Chapter

Locating Afro-Cuban Religion

Fernando Ortiz and Lydia Cabrera

in Racial Experiments in Cuban Literature and Ethnography

Published by University Press of Florida

Published in print November 2011 | ISBN: 9780813037479
Published online May 2012 | e-ISBN: 9780813042329 | DOI: http://dx.doi.org/10.5744/florida/9780813037479.003.0002
Locating Afro-Cuban Religion

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This chapter explores the ways in which narrative structure shapes and is shaped by the presentation of race. Through a comparison of Fernando Ortiz's Los negros brujos and Lydia Cabrera's El Monte, it shows how Cuban writers use ideas of time and space to represent blackness. Ortiz constructs his study via a temporal framework that privileges positivist ideas of evolution. His desire to create a coherent national narrative creates a tension in his work between defining Afro-Cuban culture and subsuming the question of blackness into a narrative of hybridity, a tension which extends to his later work such as Contrapunteo cubano. Cabrera's use of a spatial, rather than temporal, framework of analysis allows her, unlike Ortiz, to posit a national space in which different races and cultural narratives exist.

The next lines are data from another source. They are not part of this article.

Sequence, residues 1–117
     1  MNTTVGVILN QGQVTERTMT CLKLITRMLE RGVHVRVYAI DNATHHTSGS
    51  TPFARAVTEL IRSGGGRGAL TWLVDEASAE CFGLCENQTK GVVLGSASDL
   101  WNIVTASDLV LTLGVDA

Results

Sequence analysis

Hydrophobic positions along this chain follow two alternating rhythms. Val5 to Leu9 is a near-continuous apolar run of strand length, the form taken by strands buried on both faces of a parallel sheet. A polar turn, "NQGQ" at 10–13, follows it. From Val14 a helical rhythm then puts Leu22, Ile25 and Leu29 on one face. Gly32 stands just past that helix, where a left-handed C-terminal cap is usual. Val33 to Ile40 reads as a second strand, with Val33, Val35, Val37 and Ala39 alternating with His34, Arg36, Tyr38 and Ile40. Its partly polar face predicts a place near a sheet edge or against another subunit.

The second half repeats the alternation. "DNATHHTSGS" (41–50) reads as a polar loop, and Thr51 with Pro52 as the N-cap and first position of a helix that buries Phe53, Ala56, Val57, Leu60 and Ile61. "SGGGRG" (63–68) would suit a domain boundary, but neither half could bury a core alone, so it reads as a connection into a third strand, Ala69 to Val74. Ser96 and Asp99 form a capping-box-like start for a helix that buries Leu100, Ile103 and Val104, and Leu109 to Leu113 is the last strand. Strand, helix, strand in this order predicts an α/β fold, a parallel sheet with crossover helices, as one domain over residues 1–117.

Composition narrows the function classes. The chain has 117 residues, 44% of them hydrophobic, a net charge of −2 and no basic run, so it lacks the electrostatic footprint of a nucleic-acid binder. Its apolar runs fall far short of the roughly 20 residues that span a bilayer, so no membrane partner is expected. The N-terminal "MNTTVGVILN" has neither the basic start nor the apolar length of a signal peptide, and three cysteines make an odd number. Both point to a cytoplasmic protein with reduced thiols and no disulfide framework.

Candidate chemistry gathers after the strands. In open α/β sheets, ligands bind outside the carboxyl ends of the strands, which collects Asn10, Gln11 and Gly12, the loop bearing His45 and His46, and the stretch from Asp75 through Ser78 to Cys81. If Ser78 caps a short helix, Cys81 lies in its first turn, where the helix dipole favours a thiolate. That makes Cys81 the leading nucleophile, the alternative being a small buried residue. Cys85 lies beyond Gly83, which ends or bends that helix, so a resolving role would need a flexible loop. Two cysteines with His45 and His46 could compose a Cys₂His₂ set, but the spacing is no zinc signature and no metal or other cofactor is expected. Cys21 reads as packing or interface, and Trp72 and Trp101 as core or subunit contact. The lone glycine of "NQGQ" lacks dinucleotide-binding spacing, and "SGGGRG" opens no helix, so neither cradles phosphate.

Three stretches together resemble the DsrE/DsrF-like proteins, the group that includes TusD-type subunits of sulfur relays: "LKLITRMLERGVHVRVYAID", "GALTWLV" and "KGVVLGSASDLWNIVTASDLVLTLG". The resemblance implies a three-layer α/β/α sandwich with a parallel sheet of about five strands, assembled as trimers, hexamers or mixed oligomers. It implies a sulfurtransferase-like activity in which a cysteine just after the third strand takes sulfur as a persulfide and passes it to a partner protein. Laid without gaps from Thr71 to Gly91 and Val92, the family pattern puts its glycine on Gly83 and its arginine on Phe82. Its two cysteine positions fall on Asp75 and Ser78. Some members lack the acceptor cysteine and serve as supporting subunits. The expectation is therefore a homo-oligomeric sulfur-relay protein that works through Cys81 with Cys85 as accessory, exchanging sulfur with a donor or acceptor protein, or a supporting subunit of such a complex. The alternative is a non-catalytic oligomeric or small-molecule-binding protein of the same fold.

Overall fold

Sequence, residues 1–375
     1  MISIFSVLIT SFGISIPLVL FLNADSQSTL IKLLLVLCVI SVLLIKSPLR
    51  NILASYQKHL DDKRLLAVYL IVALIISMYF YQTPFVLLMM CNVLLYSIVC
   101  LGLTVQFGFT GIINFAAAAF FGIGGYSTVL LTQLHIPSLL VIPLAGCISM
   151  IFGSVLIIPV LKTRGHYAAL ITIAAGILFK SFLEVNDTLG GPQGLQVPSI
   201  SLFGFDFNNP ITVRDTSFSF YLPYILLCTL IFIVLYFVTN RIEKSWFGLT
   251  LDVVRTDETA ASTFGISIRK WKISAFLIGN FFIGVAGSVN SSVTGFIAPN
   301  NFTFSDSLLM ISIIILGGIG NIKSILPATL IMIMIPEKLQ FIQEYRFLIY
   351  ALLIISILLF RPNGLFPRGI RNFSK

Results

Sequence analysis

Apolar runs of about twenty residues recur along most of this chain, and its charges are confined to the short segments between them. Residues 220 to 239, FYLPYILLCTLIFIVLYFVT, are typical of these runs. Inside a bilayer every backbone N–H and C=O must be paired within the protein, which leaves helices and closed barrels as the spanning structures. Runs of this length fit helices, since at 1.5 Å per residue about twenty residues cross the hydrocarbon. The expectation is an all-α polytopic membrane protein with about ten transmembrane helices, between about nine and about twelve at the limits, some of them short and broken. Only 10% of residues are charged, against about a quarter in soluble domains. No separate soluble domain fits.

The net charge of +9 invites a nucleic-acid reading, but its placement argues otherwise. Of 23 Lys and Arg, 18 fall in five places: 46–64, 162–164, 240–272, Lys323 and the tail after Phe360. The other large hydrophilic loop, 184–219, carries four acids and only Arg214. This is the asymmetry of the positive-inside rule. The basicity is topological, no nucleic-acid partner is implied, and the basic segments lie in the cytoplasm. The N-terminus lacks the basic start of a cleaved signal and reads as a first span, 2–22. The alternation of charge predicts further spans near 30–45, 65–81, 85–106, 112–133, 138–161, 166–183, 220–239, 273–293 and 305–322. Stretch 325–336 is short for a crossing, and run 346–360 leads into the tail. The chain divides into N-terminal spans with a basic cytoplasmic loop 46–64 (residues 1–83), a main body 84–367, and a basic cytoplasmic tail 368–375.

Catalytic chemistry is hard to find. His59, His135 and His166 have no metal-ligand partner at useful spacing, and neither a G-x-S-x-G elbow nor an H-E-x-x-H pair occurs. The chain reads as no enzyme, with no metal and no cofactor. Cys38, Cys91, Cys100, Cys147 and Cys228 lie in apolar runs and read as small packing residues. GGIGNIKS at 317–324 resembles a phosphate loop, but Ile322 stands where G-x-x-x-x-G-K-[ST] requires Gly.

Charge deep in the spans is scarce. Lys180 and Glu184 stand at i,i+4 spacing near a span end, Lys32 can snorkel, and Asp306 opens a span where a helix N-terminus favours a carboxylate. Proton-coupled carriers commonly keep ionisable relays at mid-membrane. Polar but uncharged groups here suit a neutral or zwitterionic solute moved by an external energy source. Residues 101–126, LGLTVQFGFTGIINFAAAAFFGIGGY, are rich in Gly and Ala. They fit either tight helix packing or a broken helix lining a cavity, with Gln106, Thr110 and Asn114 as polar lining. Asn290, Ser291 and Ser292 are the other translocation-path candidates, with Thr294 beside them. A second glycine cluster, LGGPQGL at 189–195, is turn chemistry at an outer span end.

Keywords: Fernando Ortiz; Lydia Cabrera; Los negros brujos; El Monte; narrative structure; blackness; hybridity; national space

Chapter.  14114 words. 

Subjects: Society and Culture

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